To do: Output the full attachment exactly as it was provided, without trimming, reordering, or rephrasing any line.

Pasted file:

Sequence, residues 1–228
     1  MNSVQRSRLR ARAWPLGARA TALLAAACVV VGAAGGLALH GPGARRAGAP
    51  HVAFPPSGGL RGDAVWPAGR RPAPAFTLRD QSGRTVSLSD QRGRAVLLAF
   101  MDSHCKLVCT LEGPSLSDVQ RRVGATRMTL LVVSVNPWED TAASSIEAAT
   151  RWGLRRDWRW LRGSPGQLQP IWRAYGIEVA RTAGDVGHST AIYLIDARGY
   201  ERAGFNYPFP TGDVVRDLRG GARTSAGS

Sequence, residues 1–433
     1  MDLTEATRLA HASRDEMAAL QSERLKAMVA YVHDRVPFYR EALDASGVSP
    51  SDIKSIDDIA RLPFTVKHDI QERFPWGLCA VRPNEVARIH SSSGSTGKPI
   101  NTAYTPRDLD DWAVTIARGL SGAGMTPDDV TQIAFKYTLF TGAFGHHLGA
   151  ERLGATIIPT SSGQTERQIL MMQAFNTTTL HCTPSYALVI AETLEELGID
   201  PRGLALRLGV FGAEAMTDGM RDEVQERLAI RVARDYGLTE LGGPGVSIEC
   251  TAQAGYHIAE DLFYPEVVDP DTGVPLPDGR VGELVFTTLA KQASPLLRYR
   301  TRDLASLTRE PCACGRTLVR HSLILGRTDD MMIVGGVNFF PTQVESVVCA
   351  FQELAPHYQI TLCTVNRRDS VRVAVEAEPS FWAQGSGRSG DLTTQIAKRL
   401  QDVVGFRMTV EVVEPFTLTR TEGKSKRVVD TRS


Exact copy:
Sequence, residues 1–228
     1  MNSVQRSRLR ARAWPLGARA TALLAAACVV VGAAGGLALH GPGARRAGAP
    51  HVAFPPSGGL RGDAVWPAGR RPAPAFTLRD QSGRTVSLSD QRGRAVLLAF
   101  MDSHCKLVCT LEGPSLSDVQ RRVGATRMTL LVVSVNPWED TAASSIEAAT
   151  RWGLRRDWRW LRGSPGQLQP IWRAYGIEVA RTAGDVGHST AIYLIDARGY
   201  ERAGFNYPFP TGDVVRDLRG GARTSAGS

Sequence, residues 1–433
     1  MDLTEATRLA HASRDEMAAL QSERLKAMVA YVHDRVPFYR EALDASGVSP
    51  SDIKSIDDIA RLPFTVKHDI QERFPWGLCA VRPNEVARIH SSSGSTGKPI
   101  NTAYTPRDLD DWAVTIARGL SGAGMTPDDV TQIAFKYTLF TGAFGHHLGA
   151  ERLGATIIPT SSGQTERQIL MMQAFNTTTL HCTPSYALVI AETLEELGID
   201  PRGLALRLGV FGAEAMTDGM RDEVQERLAI RVARDYGLTE LGGPGVSIEC
   251  TAQAGYHIAE DLFYPEVVDP DTGVPLPDGR VGELVFTTLA KQASPLLRYR
   301  TRDLASLTRE PCACGRTLVR HSLILGRTDD MMIVGGVNFF PTQVESVVCA
   351  FQELAPHYQI TLCTVNRRDS VRVAVEAEPS FWAQGSGRSG DLTTQIAKRL
   401  QDVVGFRMTV EVVEPFTLTR TEGKSKRVVD TRS